As a result of the step motion of the rotary plate for the next sampling, by the action of the lifting magnet 16 (as shown in FIG. 1), an area of the filter which is seven filter spaces farther on is moved to a portion over the suction head 7.
The radio-iodine level in the environmental atmosphere was monitored with silver-zeolite sorbents, as shown in FIG. 6.
Silver-zeolite sorbents are discussed in U.S. Pat. No. 4,088,737, which is incorporated herein by reference.
For an early determination of very small concentrations of aerosol beta activities of "non-natural" origin (artificial, industrial, caused by human activity), a configuration with 3 detectors is particularly well-suited, in which the first detector 13 is located immediately above the suction point, and is used for current or immediate monitoring. This detector 13 is specifically designed to provide immediate information when important or emergency events occur.
The second detector, such as the detector 13', is reached by the step-wise forward movement after the end of the collection period, and provides data on the subsequent decay behavior, while the third detector, such as the detector 14, determines the long-lived total beta activity concentration at the measurement point.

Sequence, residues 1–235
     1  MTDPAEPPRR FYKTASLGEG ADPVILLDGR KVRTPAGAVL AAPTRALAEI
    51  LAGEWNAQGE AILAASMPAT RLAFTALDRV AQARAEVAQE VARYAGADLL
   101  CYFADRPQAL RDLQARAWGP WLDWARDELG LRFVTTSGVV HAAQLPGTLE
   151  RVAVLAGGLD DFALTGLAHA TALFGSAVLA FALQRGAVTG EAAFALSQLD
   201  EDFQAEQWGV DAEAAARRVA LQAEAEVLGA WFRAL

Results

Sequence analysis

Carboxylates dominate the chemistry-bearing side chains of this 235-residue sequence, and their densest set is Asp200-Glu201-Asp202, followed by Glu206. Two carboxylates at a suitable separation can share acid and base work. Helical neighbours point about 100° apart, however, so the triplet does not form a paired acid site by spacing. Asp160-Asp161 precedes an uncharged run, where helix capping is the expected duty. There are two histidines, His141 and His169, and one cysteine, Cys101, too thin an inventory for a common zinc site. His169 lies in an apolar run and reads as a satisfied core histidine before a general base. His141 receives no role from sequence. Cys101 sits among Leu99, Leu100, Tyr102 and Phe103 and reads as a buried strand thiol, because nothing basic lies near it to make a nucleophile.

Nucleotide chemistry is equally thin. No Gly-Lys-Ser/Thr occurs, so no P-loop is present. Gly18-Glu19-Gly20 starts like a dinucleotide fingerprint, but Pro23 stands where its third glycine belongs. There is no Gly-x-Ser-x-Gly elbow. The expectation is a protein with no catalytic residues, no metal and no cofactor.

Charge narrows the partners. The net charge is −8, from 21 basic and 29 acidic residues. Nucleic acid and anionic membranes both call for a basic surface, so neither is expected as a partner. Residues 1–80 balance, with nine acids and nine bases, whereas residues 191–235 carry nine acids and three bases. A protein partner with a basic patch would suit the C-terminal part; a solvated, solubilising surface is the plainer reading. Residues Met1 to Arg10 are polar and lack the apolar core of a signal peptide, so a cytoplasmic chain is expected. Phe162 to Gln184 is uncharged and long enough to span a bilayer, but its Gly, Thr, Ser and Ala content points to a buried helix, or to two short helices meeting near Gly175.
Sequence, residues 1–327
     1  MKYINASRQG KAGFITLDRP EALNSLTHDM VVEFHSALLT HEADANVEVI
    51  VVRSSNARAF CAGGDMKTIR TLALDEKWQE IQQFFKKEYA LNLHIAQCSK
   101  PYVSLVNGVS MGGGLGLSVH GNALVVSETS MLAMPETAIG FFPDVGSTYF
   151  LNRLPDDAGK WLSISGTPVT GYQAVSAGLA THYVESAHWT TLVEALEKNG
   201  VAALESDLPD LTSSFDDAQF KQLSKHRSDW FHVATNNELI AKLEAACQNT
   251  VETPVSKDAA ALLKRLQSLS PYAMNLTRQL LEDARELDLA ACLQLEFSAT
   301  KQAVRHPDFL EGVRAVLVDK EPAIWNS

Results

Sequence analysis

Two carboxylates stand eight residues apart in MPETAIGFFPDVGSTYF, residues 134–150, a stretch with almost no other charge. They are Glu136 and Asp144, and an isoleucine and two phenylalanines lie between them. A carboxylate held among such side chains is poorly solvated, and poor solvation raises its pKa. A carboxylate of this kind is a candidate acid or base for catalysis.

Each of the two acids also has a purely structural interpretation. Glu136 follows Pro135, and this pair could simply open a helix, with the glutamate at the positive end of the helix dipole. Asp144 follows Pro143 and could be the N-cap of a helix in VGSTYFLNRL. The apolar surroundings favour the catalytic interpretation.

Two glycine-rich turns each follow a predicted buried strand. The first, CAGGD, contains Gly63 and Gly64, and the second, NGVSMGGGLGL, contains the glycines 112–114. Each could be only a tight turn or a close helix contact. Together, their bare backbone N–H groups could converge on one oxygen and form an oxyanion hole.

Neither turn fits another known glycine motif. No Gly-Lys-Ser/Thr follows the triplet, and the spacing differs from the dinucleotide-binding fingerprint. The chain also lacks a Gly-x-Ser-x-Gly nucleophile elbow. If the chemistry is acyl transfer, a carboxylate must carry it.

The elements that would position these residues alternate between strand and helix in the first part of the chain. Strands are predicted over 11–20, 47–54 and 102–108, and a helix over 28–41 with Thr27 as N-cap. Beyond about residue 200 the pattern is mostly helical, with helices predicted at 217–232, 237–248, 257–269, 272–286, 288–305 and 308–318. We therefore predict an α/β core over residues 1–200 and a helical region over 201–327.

The air throughput is appropriately 1 m3 /h and a sampling time between two step motions of the rotary plate 4, of 1 to 2 days, can be selected for the accumulation of the radioactive contamination.
On a rotary plate 4 which, in one embodiment, always backs up by two spaces, the above-mentioned detectors 13, 13' and 14 can be installed, for example, with the first detector 13 being typically disposed above a first space, the second detector 13' (on place 3) disposed above a space two steps of the lifting magnet 16 displaced from the first space, and the third detector 14 disposed above a space eleven, ten steps of the lifting magnet 16 displaced from the first space. Though superimposed on the non-naturally occurring activity, the naturally occurring activity RaB and ThB are to be taken into special consideration in measurements of beta activity. The ratio of these substances (belonging to different decay series) is subject to atmospheric conditions. Using the known half-lives of these two natural isotopes, the superimposition of artifically occurring radioactivity can be determined with relatively high precision from already determined decay curves, with reference to the corresponding ThB curves, or by means of a computer with this information programmed therein.